Then there is the economic pornography of numbers: From the inexhaustible data-bank of inequality I choose these two: the richest 26 billionaires have as much money as the 3.6 billion poorest people on the planet. The three wealthiest Americans own more than the bottom 160 million. Here we have outdone our ancestors, though we’re still playing in the same league.
Twain’s novel is really about the collusion between commercial predators and politicians on the make and take. It can be matched almost scandal for scandal with the “swamp” that for decades has enveloped Washington as well as the hinterland. For Twain and for us what seemed and still seems lamentable is not merely “crony capitalism” but the betrayal of democracy.
Likewise, the Jesuitical arts of self-justification echo across the century separating the two gilded ages; yesterday social Darwinism, today meritocracy, “Acres of Diamonds” theology back then, the “Prosperity Gospel” now. They make appalling social injustice seem right, natural, even foreordained.
Gilded evokes an image of a debased aristocracy – what our ancestors called a “shoddy” or “chip chop aristocracy” and what today we sometimes refer to as “the new tycoonery.” It presides over a society of the socially unconscious. William Graham Sumner, the principal exponent of social Darwinism in late 19th century America, put it succinctly in his book What Social Classes Owe Each Other?, answering bluntly, “Nothing.” Wilbur Ross would sign on to that. President Grover Cleveland anticipated President Ronald Reagan when he pronounced in 1889 that, “The lessons of paternalism might be unlearned and the better lesson taught that while people should patriotically and cheerfully support their government, its functions do not include support of the people.”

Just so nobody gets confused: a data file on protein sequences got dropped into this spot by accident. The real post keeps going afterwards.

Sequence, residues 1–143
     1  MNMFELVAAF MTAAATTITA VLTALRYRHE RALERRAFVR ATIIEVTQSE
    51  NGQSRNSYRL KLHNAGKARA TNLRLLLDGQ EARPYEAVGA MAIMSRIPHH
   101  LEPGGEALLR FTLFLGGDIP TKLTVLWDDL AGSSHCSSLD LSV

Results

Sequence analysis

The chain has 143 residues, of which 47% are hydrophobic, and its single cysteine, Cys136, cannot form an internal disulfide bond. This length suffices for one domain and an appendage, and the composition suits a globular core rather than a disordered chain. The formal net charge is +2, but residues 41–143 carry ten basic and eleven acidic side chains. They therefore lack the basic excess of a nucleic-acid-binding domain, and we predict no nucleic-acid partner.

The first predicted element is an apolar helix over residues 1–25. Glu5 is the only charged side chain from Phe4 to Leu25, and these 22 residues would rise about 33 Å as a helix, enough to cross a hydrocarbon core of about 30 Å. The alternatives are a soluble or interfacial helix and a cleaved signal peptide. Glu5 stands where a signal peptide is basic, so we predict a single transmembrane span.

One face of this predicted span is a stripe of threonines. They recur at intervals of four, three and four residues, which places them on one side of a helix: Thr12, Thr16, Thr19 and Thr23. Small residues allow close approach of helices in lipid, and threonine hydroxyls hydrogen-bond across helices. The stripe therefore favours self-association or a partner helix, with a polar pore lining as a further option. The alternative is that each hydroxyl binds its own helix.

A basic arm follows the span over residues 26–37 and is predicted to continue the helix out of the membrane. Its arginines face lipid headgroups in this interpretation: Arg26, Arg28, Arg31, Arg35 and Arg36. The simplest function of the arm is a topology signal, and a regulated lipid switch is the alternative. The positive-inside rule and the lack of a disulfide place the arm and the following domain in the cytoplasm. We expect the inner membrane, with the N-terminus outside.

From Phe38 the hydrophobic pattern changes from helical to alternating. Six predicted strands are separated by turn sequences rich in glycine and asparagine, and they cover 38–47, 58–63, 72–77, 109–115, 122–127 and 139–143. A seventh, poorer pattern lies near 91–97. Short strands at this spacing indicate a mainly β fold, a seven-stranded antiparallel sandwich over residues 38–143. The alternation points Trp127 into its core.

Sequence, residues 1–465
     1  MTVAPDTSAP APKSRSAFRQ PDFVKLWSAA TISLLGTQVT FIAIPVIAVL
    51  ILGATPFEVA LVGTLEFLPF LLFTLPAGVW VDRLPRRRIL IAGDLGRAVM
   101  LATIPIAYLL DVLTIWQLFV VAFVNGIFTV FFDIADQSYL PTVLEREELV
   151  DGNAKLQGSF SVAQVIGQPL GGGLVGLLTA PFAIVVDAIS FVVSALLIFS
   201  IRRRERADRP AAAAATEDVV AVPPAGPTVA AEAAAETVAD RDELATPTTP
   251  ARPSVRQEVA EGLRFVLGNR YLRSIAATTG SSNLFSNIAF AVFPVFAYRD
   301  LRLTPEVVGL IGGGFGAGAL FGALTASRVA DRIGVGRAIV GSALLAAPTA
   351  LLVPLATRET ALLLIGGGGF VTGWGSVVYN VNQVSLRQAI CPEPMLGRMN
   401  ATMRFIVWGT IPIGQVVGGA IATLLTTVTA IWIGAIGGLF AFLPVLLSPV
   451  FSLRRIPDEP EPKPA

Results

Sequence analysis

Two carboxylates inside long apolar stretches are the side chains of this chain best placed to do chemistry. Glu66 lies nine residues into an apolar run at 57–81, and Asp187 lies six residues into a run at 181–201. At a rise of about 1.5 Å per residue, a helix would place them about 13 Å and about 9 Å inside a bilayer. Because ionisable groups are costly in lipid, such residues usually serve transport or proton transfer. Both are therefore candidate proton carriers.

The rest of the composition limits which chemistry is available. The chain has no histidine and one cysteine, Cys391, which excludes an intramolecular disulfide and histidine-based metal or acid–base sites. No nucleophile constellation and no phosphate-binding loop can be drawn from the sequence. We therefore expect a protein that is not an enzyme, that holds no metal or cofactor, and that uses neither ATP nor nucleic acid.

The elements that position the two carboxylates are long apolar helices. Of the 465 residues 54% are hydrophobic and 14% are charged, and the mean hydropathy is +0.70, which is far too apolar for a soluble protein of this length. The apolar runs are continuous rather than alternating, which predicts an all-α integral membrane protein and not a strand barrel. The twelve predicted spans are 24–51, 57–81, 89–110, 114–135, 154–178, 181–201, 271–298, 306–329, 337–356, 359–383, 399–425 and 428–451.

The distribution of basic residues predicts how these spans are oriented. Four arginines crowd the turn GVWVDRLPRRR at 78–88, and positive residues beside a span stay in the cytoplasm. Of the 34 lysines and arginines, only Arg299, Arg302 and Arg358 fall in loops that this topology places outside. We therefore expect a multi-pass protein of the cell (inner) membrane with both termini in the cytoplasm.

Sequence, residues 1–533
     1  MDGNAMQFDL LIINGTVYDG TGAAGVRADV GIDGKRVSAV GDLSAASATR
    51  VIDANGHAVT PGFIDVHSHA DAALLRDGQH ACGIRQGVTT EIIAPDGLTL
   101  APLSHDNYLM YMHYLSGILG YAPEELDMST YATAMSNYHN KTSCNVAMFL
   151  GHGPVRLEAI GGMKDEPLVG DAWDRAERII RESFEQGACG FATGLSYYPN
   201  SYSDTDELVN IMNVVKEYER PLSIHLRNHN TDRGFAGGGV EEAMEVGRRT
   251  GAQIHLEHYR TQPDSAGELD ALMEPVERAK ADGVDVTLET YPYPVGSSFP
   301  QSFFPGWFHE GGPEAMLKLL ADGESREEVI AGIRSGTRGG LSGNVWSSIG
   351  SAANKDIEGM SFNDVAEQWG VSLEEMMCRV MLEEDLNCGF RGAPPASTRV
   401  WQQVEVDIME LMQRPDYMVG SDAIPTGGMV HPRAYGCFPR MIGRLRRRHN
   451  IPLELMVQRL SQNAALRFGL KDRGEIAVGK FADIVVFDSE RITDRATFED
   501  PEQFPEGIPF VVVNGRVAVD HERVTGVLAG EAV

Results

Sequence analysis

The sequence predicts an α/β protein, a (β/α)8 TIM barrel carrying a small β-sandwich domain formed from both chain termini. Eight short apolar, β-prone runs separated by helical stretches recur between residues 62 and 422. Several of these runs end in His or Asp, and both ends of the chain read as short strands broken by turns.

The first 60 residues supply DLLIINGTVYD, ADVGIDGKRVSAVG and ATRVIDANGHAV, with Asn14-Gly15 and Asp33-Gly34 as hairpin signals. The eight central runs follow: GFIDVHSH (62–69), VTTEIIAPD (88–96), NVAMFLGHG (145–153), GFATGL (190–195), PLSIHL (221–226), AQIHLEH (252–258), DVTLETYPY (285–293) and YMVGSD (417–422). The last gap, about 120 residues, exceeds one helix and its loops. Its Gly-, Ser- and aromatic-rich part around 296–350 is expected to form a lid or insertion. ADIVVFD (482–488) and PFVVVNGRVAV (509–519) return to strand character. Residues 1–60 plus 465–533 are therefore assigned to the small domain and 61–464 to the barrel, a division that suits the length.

All of this and more makes us feel an unwelcome kinship with that “strange country” of yesteryear. Now, however, I’d like to make a few equally abbreviated tweet-like observations (maybe half-baked) meant to suggest both differences yet underlying continuities.
Can capitalism tolerate democracy? Do dreams of equality go to die where capitalism flourishes? Robber baron America and our America of the 1% both compel that question. Capitalism both invites and undermines democracy and equality. The free market depends on a certain kind of economic opening up and thereby works to widen the political universe. And in practically the same breath it shuts things down. As Henry Demarest Lloyd, among the most trenchant critics of the original Gilded Age put it, “liberty creates wealth and that wealth destroys liberty.” This dilemma runs like a third rail through both gilded ages.
However, the responses to that dilemma were different. Democracy declared war on capitalism during the first gilded age. In the second Democracy seeks a compromise.